A D.C. Superior Court jury has awarded $53,000 to three sisters of a Northeast man whose unidentified body lay in the city morgue for a month before it was donated to the Howard University Medical School.
A suit filed in 1978 by the sisters of the late Casper Yeagin contended that the D.C. government and Howard University Hospital had failed to properly identify Yeagin after his death and notify his next of kin. The sisters said only they had the legal right to dispose of their brother's body.
A D.C. police officer found Yeagin on Sept. 11, 1977, intoxicated and lying unconscious on the street, according to testimony in the trial. He was then taken to a city detoxification center.
At that time, Yeagin was carrying a wallet with a slip of paper bearing the address and phone number of his nephew, Jesse J. Brown, witnesses testified.
Yeagin's belongings were removed and placed in storage at the detoxification center and the phone number and address found in his wallet were never investigated, according to testimony.
The next day, Yeagin became ill and was transported to Howard University Hospital, where he was admitted as an unidentified person, according to testimony.
One of the sisters, Pearlie S. Smith, testified that she and her daughter made repeated phone calls to the hospital but were told each time that no one of Yeagin's description had been admitted.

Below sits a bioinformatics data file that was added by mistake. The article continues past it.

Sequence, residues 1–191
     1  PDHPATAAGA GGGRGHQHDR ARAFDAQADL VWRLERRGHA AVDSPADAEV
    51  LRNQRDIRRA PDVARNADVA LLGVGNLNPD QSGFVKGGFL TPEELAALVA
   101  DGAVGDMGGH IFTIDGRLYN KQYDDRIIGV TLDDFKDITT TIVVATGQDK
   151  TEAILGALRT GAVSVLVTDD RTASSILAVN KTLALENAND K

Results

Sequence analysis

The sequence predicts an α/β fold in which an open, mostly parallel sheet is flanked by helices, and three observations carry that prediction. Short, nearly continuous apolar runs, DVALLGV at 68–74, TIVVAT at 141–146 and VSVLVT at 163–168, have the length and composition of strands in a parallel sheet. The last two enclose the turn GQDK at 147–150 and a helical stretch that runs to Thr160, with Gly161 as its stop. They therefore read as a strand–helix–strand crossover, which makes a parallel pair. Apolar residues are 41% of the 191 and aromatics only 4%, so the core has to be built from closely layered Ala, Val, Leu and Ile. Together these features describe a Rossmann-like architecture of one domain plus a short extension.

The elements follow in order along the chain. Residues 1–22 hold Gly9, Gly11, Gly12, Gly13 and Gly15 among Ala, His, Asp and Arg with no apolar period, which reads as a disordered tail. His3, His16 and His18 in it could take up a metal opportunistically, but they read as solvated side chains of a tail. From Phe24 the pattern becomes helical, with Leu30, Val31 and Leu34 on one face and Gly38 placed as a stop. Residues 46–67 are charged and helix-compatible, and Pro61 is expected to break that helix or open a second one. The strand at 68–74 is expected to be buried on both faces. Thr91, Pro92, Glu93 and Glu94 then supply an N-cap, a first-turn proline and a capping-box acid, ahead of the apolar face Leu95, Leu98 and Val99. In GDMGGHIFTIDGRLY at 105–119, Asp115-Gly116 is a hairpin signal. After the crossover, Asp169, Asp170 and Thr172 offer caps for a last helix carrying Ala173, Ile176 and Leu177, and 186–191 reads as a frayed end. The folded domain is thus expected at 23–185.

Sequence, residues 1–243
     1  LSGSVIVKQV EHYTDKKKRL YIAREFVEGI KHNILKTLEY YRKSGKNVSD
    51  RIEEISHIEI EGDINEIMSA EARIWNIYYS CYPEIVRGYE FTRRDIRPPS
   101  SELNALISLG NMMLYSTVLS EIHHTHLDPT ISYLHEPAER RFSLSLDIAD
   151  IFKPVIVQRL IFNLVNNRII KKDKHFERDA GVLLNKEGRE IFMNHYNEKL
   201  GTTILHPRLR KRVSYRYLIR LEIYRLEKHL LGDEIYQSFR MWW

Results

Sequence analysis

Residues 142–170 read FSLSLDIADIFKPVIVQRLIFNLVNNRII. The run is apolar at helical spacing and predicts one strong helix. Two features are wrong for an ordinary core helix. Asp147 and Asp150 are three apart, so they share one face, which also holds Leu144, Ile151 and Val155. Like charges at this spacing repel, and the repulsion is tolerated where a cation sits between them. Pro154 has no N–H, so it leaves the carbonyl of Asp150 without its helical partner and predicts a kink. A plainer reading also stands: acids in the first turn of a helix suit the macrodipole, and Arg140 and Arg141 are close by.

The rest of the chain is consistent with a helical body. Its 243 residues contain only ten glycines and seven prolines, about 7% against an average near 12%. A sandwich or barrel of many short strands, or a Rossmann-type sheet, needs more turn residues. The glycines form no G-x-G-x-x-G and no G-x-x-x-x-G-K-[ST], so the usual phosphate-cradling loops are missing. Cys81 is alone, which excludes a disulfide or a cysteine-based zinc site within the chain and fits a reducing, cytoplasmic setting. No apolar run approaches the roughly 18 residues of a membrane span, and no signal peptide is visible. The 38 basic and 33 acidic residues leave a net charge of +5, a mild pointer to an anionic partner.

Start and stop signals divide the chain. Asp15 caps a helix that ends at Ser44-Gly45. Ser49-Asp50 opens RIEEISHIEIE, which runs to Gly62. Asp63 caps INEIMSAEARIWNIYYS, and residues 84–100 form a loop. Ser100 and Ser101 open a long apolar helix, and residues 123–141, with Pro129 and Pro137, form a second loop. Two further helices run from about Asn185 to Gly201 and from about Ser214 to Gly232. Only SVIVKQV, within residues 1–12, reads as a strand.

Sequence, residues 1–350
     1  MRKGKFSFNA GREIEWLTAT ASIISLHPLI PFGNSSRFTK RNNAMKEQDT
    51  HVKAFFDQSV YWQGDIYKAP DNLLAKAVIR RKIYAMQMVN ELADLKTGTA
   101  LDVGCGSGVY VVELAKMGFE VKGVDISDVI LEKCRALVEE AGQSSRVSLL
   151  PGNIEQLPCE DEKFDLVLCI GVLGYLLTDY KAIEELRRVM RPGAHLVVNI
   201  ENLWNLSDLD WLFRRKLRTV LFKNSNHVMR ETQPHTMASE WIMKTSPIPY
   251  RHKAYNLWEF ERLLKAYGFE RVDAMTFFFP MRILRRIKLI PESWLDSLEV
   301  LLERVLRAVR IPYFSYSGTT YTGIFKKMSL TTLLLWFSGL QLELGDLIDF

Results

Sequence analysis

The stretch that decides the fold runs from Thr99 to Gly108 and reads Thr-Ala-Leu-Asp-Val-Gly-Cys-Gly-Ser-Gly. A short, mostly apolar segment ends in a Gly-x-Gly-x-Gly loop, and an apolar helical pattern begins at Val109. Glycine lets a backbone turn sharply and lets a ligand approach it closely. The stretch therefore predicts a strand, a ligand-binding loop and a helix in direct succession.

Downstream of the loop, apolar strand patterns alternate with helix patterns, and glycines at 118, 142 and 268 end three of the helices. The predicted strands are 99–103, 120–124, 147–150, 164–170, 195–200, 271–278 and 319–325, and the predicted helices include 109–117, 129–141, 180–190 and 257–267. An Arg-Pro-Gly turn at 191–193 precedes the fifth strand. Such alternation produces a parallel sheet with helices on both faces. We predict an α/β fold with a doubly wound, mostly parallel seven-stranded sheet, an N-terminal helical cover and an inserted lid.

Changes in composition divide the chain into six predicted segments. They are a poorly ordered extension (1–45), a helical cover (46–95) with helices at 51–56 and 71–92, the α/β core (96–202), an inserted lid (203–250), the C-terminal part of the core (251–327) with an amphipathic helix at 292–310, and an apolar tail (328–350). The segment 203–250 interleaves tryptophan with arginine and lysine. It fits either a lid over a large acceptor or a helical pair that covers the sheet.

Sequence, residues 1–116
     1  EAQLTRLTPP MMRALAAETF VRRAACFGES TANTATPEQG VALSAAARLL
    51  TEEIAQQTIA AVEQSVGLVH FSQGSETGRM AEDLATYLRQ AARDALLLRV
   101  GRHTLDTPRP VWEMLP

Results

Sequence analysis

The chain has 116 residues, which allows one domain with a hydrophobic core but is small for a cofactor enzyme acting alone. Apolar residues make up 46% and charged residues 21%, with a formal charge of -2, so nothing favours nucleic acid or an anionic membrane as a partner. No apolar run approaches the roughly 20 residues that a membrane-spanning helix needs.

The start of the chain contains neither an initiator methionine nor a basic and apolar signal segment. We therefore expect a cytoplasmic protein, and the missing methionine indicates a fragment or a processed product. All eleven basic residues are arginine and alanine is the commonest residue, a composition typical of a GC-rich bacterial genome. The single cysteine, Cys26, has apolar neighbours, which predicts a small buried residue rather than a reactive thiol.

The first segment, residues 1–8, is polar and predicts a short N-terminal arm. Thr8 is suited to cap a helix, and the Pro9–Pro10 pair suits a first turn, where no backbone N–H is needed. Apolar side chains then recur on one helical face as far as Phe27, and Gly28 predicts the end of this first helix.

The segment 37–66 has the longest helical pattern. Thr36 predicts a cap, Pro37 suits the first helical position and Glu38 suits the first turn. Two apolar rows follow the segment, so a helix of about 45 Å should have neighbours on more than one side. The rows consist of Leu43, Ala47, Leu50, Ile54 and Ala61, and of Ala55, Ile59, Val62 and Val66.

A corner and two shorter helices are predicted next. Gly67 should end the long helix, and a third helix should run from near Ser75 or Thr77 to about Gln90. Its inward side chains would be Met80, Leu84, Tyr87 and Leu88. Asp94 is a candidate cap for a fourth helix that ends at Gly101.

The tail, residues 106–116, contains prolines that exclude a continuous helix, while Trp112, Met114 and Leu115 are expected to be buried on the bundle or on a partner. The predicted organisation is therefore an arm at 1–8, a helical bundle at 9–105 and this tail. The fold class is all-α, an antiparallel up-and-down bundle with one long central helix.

Yeagin's sisters contended, among other things that city employes "failed to examine the papers in Yeagin's wallet, at or after the time he was transported to Howard University Hospital" and that the city failed for nearly four months to match fingerprints with the prints taken from Yeagin's body at the hospital.
The hospital was cited for negligence in the suit because, the suit said, its employes repeatedly denied that Yeagin was a patient "not withstanding the fact that he was the only unidentified patient at the hospital during the period."
After his death on Nov. 3, 1977, Yeagin's body was taken from the hospital to the D.C. medical examinier's office where it remained unidentified for 30 days. The body was then donated to the Howard University Medical School.
Yeagin was identified on Jan. 4, 1978, after police matched the fingerprints of the body with fingerprints in the police files.
Judge Nicholas Nunzio dismissed the negligence charges against Howard University Hospital last Friday. The city will be directed to pay the sisters -- Pearlie S. Smith, Hattie Lee Smith and Claudie Barnes -- the $53,000. It was unknown whether the city would appeal the settlement.